Wal Mart has the 60W equivalents on sale 5 dollars for a six pack. I never paid much attention to the replacement rate of these things. There are certainly not cost effective if they don't last as long as they are advertized to. I do have one in my basement, a dinosaur from the early days before they came out with the compacts that is still going stong after daily off and on. That one has got to be going on 20 years old.

There is an 18 story state office building in Binghamton NY where I grew up that relied on the heat from the incandescents as part of the heating system. Everybody thought they were wasting electricity because it would be lit up overnight during closed hours especially in the winter months but it was a necessity.

Yoyizit 05-06-2010 04:53 PM

Quote:

Originally Posted by darren (Post 438398)
I heard about one study where they claimed useing CFL made your energy use go up.

Since incadesants give off so much heat, they also heat the room there in. So in the winter whens its cold your furnace has to do more work with out the incadesants heating the area as well.

I see where they are comeing from, but to me that is a strecth. I would be curious to see there numbers from there study.

A person gives off about 100w [340 BTU/hr].
A 13w CFL = a 60w [?] incand. bulb.

Two people and two CFLs =770 BTU/hr
Two people and two incands =1100 BTU/hr
So your furnace needs to deliver 330 more BTU/hr.
So it's true.

I used 300 therms in January for an avg. of 40,000 BTU/hr.
So it's true but it's negligible.

KE2KB 05-06-2010 06:03 PM

I was reading on one web site that CFL's use a much higher energy when they start. Does this mean they actually use more wattage in starting than an incandescent does, or is is just a comparison between the amount of energy used for starting the bulb compared to the amount used to keep it lit?

In my case, I know that the culprit is not heat. The fixtures are open, and I'm using the open type bulbs (not the globes or floods).

Scuba Dave; When you say you turn them off when you enter/leave, what kind of time between on and off are you talking? and how often do they actually get cycled per day?

I would venture a guess that ours are being cycled at least 25 times per day.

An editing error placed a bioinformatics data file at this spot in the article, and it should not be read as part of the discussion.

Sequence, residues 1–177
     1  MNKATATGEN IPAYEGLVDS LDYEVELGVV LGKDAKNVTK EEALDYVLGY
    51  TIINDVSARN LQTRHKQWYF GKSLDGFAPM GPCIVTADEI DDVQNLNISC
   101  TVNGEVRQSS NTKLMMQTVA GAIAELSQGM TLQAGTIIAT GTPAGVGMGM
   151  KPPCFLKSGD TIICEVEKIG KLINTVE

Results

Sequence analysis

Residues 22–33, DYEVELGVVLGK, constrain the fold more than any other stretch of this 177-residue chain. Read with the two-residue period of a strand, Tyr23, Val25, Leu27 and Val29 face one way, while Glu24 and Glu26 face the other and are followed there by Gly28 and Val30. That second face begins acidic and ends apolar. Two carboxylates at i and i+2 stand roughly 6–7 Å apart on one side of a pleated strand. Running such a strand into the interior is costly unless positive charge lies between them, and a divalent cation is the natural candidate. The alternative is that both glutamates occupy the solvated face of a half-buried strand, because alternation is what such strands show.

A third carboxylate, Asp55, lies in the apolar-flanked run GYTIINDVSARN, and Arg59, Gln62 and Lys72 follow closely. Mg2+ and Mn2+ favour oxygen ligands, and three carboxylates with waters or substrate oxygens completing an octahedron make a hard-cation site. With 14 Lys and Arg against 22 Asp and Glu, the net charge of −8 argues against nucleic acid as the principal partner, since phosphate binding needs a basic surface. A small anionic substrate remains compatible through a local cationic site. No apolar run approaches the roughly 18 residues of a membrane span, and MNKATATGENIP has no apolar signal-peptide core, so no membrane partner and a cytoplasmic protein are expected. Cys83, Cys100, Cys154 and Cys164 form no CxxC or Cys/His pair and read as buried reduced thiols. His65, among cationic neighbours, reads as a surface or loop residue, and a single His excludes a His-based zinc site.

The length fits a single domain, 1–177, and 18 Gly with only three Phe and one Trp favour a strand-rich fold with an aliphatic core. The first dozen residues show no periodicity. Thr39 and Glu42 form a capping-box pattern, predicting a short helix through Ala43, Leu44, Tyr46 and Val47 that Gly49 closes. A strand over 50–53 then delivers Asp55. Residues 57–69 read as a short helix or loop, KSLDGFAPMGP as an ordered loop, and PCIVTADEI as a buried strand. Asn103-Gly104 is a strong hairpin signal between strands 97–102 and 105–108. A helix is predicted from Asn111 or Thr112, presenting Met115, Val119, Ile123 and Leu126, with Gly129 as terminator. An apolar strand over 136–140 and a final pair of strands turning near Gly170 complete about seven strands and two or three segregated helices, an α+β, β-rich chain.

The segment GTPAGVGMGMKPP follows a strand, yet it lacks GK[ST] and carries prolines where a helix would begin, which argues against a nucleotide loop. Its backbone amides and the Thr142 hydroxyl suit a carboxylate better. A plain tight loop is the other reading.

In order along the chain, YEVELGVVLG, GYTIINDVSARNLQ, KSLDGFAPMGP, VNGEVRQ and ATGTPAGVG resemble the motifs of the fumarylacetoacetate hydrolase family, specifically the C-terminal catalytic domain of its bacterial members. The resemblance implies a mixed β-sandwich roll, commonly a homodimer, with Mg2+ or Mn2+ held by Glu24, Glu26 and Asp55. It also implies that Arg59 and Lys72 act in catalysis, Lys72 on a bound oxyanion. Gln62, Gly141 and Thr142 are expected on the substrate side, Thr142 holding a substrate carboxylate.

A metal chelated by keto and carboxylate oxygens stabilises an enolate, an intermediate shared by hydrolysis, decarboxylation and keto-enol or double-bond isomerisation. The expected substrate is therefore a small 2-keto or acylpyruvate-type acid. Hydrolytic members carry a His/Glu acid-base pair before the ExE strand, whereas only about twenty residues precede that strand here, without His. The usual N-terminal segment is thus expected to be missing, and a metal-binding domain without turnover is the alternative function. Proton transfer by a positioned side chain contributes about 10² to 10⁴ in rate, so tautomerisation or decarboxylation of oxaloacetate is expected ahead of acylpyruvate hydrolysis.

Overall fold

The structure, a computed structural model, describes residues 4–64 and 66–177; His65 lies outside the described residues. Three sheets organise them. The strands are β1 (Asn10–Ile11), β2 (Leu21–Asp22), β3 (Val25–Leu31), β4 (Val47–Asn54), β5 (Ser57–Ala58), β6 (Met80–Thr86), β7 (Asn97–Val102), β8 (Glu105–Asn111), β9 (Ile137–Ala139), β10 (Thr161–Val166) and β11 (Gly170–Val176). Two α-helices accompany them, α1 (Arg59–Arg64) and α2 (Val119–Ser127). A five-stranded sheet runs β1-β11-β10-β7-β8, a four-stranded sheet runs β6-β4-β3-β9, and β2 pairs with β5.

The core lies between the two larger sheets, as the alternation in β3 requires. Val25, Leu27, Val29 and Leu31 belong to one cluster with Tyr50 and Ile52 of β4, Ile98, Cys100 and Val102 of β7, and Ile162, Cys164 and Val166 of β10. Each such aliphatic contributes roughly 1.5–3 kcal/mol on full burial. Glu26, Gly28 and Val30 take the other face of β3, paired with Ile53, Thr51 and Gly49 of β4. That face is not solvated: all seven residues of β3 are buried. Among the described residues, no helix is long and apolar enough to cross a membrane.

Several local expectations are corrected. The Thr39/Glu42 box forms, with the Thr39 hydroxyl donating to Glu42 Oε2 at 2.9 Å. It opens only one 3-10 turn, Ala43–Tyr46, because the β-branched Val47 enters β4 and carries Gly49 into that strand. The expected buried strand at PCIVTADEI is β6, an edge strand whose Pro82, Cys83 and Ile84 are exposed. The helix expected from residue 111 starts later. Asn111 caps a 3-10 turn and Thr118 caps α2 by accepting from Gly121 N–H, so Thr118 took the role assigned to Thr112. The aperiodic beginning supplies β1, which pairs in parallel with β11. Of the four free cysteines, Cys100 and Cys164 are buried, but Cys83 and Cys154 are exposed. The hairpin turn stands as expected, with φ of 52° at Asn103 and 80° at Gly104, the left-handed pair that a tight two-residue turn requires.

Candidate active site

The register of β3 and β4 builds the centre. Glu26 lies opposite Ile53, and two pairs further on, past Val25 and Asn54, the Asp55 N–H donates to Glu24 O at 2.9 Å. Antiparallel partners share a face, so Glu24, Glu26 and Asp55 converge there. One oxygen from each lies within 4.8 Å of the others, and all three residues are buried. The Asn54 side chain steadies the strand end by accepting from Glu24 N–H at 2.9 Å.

FW

Scuba_Dave 05-06-2010 06:26 PM

Only 3 people here turning them off/on
3 showers - on for anywhere from 10min-30+ minutes
Bathroom - 3-4 times a day each ? I don't keep count
Then wash hands, brush teeth...hair etc etc

25 times might be approx
Overhead light used the most, vanity lights 2nd - seperate switch

They have done tests on Mythbusters that proved shutting off the light - any type of light - uses less power then leaving it in on

KE2KB 05-06-2010 09:57 PM

Quote:

Originally Posted by Scuba_Dave (Post 438485)
Only 3 people here turning them off/on
3 showers - on for anywhere from 10min-30+ minutes
Bathroom - 3-4 times a day each ? I don't keep count
Then wash hands, brush teeth...hair etc etc

25 times might be approx
Overhead light used the most, vanity lights 2nd - seperate switch

They have done tests on Mythbusters that proved shutting off the light - any type of light - uses less power then leaving it in on

OK. I'll go with what you say, but then I have no clue as to why my bulbs are burning out so fast.
Maybe my line voltage is high? I have measured it up to 122V. But then, I always thought that would affect incandescents more than fluoresecnts.

I guess as the cost of these bulbs keeps dropping, their initial cost is close to what I would pay for an incandescent anyway, so I'm better off with the CFL's.

FW

Scuba_Dave 05-06-2010 10:01 PM

I've measured my voltage as high as 122v
Possibly some interference or something else on the line ?

They have had some pretty good prices here on CFL's the past 2 years
So I have stocked up - mostly free after instant rebates
I have probably 70+ spare bulbs right now

They had $4 off coupons & a 4 pk was $3.25 for 40w & $3.85 for 60w
I was buying 2-3 4 pks every couple of weeks
I swapped my entire Halloween & Christmas display to CFL

SPS-1 05-07-2010 04:35 PM

I have a bunch of CFLs and would say they last significantly longer than incandescents.
Rarely am I replacing CFLs.
I have globe style incanescents in my bathroom, and I need to replace them often enough. One is burnt out right now.
I have five 50 watt halogens in my living room, and these definately have the shortest lifetime.

Possibly you have been buying a low quality brand, or just got a bad box.

Steve

operagost 05-07-2010 10:27 PM

Quote:

Originally Posted by Yoyizit (Post 438429)
A person gives off about 100w [340 BTU/hr].
A 13w CFL = a 60w [?] incand. bulb.

Two people and two CFLs =770 BTU/hr
Two people and two incands =1100 BTU/hr
So your furnace needs to deliver 330 more BTU/hr.
So it's true.

True as in, you need to use your heating system more-- not true as in, you use more energy! Only if your heating system was electrical and unzoned (or very inefficient gas or oil) would it actually cost less to use lights like little space heaters or Easy Bake Ovens. And what happens in the summer? There go your savings into the air conditioner.


All times are GMT -5. The time now is 04:46 PM.


Copyright 2003-2014 Escalate Media LP. All Rights Reserved